## Drude model: Deriving the Conductivity and Permittivity of Metals

The Drude model explains the electrodynamic **properties of metals**. The **simple approach** is to regard the conduction band electrons as non-interacting electron gas and yields a fairly **accurate description** of metals like silver, gold or aluminium.

## Problem Statement

Within the Drude model, we assume that **electrons** with mass \(m_{e}\), charge \(-e\) and density \(n_e\) are influenced by an external electric field \(\mathbf{E}\left(t\right)\) but obey negligible mutual interaction (electron gas).

Find the **equations of motion** and incorporate all inner-metallic processes like collisions to the nuclei into a **friction** term.

Solve the equations of motion in **Fourier** (frequency) space and determine the **susceptibility** \(\chi\left(\omega\right)\) and **permittivity** \(\varepsilon\left(\omega\right)\) of the Drude model electron gas.

Now use **Ohm's law** to further derive the **conductivity** \(\sigma\left(\omega\right)\) and verify that \(\chi\left(\omega\right)=\mathrm{i}\sigma\left(\omega\right)/\omega\).

Background: The Drude Model as a Working Horse in Theoretical Electrodynamics

Now we have derived the Drude model dispersion relation which was quite easy once we went into Fourier space. Now the main questions are, if such a dispersion relation can really reflect the electrodynamic properties of real metals and how this description may be useful.

**On the right** you can see a comparison of the dispersion relation of **silver** taken from Johnson and Christy's "Optical Constants of the Noble Metals", Phys. Rev. B 6 (1972), pdf. What we can see is that we find a very good agreement of the data to a Drude model fit, both for real and imaginary part of the relative permittivity \(\varepsilon_r\). Optical frequencies are decoded by their very colors.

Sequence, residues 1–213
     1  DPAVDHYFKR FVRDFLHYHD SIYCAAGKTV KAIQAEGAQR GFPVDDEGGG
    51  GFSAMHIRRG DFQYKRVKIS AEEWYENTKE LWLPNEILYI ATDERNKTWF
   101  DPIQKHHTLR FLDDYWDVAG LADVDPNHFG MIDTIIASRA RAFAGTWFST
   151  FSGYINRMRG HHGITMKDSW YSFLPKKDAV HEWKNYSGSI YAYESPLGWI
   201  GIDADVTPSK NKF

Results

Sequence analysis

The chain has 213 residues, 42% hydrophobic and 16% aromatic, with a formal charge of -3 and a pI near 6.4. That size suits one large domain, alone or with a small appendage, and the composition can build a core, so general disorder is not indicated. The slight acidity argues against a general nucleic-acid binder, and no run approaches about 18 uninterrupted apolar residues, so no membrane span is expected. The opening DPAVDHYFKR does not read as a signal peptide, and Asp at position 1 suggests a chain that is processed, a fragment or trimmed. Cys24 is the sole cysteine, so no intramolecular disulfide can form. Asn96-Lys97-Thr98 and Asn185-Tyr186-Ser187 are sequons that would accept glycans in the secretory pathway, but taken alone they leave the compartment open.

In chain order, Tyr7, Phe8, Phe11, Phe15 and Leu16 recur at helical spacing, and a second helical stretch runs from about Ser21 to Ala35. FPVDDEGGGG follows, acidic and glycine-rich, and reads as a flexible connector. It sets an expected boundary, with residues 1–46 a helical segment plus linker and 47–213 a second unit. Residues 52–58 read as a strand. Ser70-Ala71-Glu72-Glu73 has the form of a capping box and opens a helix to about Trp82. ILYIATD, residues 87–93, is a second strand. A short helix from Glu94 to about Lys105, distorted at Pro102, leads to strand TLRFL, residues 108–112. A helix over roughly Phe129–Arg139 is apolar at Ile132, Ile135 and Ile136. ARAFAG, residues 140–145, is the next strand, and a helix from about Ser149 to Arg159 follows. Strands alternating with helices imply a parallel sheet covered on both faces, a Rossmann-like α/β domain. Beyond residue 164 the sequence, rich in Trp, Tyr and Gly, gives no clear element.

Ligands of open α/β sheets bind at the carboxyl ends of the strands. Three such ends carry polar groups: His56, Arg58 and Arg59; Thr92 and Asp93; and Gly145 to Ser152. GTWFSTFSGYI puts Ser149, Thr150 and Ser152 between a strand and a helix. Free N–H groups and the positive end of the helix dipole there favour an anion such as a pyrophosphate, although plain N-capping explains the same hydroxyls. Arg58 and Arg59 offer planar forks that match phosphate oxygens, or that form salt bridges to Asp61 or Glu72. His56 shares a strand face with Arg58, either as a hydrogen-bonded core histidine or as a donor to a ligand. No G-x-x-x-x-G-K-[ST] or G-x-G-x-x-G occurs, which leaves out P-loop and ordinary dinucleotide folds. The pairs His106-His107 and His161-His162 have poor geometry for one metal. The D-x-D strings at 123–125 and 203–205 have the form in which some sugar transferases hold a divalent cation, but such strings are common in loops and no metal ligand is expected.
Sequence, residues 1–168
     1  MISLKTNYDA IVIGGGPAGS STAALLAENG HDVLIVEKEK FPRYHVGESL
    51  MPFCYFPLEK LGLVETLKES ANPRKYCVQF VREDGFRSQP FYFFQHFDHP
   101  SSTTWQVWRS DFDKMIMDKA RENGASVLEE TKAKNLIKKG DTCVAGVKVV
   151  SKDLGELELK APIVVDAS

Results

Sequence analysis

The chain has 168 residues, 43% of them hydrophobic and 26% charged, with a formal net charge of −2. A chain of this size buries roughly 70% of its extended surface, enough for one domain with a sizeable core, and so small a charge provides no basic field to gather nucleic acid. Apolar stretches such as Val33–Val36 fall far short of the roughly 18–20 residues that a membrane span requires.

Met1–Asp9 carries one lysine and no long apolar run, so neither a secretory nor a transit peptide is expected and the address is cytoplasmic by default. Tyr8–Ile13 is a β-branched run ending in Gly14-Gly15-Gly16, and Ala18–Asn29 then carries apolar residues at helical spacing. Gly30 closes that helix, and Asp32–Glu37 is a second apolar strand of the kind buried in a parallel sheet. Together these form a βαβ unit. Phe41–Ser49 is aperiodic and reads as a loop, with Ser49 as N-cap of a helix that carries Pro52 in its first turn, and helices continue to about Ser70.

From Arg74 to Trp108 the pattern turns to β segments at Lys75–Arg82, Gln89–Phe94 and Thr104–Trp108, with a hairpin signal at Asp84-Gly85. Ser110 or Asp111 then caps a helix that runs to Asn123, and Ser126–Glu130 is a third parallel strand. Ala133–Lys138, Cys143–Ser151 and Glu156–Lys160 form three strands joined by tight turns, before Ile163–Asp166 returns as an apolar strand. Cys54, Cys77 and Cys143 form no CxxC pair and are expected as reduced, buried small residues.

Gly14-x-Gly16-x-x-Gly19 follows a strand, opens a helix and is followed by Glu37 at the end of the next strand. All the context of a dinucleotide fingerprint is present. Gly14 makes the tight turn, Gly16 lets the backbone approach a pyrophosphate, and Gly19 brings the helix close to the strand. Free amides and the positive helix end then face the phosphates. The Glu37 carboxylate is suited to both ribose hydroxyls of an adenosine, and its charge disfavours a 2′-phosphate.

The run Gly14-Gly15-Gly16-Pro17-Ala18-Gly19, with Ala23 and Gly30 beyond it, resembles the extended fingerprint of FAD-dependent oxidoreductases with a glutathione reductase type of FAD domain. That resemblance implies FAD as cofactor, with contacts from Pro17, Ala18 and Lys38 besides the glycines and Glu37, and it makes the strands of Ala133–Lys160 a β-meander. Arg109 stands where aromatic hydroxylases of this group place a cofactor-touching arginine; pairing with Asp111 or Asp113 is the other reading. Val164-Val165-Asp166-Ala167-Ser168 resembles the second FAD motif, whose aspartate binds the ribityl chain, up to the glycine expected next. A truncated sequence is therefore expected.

The agreement to experimental data leads to a **boiling down** of the whole **dispersion relation** to just **two parameters** - plasma frequency \(\omega_\mathrm{p}\) and loss rate \(\gamma\). Such a **simple theoretical description** is a huge advantage compared to numerical data: Researchers can rely on the dispersion relation and derive other theories on top of the Drude description. This lead to a better understanding of certain metamaterial effects^ or of metal particles coupled to quantum systems^.. The Drude model is so **widely applied** that it is hard to find publications investigating light-metal-interactions that to not use it.

If you liked the simplicity of the Drude model, you can try to generalize it to the case when a magnetic field is present, see "The Dispersion Relation of a Magnetized Plasma". In this problem you will find that the magnetic field makes the response of the plasma strongly depends on the polarization of the electric field which will finally bring us to an understanding of the so-called Faraday rotation.